Wednesday, May 28, 2008

Want to avoid being sued? Say you're sorry!

Yes, it really is often just that simple. In fact, many clients often want an apology more than they even want money. As this article notes, patients who have adverse results (including actual malpractice-caused adverse results) are much much much less likely to sue if the hospital and doctors simply apologize. Of course, sometimes more than an apology is needed, but even there, as the article notes, "Patients seem far less angry when they receive an honest explanation, an apology and prompt, fair compensation for the harm they have suffered." No need for any lawsuits there.

Which applies generally. If you wrong someone, a sincere apology, especially if accompanied by an attempt to make up for the harm, is the surest way to avoid a lawsuit (and is far far cheaper for everyone concerned). That's the first advice I'd give to anyone in a potential lawsuit situation - sit down, talk with the other party, and apologize if appropriate. Refusing to admit fault where fault is pretty clear, refusing to apologize, just really pisses people off and makes them more likely to sue. Even if a lawsuit does happen anyway, it may be far less acrimonious and may settle much more easily and on better terms if, from the start, the defendant was apologetic and expressed true remorse.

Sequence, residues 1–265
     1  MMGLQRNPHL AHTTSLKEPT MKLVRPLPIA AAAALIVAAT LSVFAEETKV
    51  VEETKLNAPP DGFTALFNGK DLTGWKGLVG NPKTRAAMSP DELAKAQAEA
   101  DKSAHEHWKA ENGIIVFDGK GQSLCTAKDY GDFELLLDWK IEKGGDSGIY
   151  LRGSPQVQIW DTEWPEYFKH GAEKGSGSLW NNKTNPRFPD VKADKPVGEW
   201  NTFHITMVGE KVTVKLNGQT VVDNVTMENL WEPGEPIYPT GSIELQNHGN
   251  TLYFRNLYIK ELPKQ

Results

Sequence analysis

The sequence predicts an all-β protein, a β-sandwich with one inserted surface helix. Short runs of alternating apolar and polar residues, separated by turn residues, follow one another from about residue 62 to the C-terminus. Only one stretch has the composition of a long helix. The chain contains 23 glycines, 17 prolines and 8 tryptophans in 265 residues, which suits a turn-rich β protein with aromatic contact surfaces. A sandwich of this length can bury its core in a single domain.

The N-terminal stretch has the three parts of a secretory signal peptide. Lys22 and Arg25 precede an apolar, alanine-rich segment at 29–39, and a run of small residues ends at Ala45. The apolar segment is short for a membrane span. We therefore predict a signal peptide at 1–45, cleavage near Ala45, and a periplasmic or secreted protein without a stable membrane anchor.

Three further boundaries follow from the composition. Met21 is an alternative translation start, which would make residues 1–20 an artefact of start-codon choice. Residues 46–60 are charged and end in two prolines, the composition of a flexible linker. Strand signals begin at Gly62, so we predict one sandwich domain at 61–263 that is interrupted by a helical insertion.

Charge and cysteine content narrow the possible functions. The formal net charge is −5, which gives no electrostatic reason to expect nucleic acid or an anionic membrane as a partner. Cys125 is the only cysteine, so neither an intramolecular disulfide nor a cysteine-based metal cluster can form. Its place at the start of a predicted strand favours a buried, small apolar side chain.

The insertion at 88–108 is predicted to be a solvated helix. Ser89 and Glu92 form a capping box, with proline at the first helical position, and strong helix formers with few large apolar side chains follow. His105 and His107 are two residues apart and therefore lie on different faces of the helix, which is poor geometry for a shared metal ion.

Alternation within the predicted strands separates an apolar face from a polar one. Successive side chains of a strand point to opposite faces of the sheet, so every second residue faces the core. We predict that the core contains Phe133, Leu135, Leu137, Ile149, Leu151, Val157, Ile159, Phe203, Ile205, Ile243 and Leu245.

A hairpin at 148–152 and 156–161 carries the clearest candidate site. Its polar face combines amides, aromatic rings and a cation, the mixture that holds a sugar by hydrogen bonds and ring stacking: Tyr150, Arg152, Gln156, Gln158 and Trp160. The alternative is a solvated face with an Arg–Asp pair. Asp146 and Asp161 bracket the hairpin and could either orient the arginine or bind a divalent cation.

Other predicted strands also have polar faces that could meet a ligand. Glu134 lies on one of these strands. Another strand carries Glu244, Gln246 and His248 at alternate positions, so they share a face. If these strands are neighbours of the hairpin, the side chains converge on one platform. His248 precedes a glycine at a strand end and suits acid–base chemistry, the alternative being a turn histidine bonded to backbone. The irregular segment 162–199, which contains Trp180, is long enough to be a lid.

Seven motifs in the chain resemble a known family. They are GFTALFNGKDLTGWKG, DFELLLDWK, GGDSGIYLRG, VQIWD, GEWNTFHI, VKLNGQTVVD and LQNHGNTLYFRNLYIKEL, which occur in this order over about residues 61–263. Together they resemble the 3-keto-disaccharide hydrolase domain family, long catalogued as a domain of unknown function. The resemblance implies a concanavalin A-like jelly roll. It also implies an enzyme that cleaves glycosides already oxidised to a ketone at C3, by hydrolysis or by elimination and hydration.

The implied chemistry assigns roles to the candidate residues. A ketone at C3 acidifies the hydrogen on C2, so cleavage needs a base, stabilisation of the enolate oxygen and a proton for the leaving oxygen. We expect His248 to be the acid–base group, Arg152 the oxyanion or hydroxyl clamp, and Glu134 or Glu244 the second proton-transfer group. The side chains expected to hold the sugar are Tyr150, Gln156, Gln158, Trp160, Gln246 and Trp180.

This isn't rocket science. (And I've noted it before).


Stew said...

Common assumption is that an apology can be considered admition of guilt and could be detrimental if a law suit follows.
So people are advised to never apologise.

Personally I find apologies go a long way to disarming a situation. Ever gone back into a store to complain about a faulty product or bad service? You're all fired up, going to give them a piece of your mind and they say "We're terribly sorry, you're absolutely right. What can we do to rectify the situation?"
Takes the wind right out of your sails

DBB said...

Yeah, that is the common assumption, and the funny thing is, it is exactly the opposite - nothing is quite as infuriating as someone who does you wrong, then refuses to apologize or even admit they did anything wrong, particularly when it is communicated through layers of legalise that often not only does not include a "sorry" but includes an implication that really the person who was wronged was the one who was 100% at fault. Which tends to piss people off, leading to law suits...